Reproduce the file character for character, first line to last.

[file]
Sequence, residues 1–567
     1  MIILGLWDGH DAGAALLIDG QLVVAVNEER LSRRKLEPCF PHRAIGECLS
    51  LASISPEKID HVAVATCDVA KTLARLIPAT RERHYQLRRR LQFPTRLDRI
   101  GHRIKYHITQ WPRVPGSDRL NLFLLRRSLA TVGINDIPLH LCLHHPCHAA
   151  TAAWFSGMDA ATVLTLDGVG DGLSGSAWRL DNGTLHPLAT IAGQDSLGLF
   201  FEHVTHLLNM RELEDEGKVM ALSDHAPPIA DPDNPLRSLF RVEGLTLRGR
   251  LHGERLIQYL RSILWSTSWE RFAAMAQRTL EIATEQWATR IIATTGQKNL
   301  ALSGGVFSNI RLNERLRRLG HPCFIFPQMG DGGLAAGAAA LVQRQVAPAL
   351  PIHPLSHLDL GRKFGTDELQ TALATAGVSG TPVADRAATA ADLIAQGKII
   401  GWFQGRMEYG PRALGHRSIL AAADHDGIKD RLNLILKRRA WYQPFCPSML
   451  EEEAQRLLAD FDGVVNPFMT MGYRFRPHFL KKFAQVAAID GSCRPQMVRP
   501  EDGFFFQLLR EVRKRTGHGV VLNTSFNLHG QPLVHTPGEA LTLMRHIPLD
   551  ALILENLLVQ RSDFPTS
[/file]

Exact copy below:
Sequence, residues 1–567
     1  MIILGLWDGH DAGAALLIDG QLVVAVNEER LSRRKLEPCF PHRAIGECLS
    51  LASISPEKID HVAVATCDVA KTLARLIPAT RERHYQLRRR LQFPTRLDRI
   101  GHRIKYHITQ WPRVPGSDRL NLFLLRRSLA TVGINDIPLH LCLHHPCHAA
   151  TAAWFSGMDA ATVLTLDGVG DGLSGSAWRL DNGTLHPLAT IAGQDSLGLF
   201  FEHVTHLLNM RELEDEGKVM ALSDHAPPIA DPDNPLRSLF RVEGLTLRGR
   251  LHGERLIQYL RSILWSTSWE RFAAMAQRTL EIATEQWATR IIATTGQKNL
   301  ALSGGVFSNI RLNERLRRLG HPCFIFPQMG DGGLAAGAAA LVQRQVAPAL
   351  PIHPLSHLDL GRKFGTDELQ TALATAGVSG TPVADRAATA ADLIAQGKII
   401  GWFQGRMEYG PRALGHRSIL AAADHDGIKD RLNLILKRRA WYQPFCPSML
   451  EEEAQRLLAD FDGVVNPFMT MGYRFRPHFL KKFAQVAAID GSCRPQMVRP
   501  EDGFFFQLLR EVRKRTGHGV VLNTSFNLHG QPLVHTPGEA LTLMRHIPLD
   551  ALILENLLVQ RSDFPTS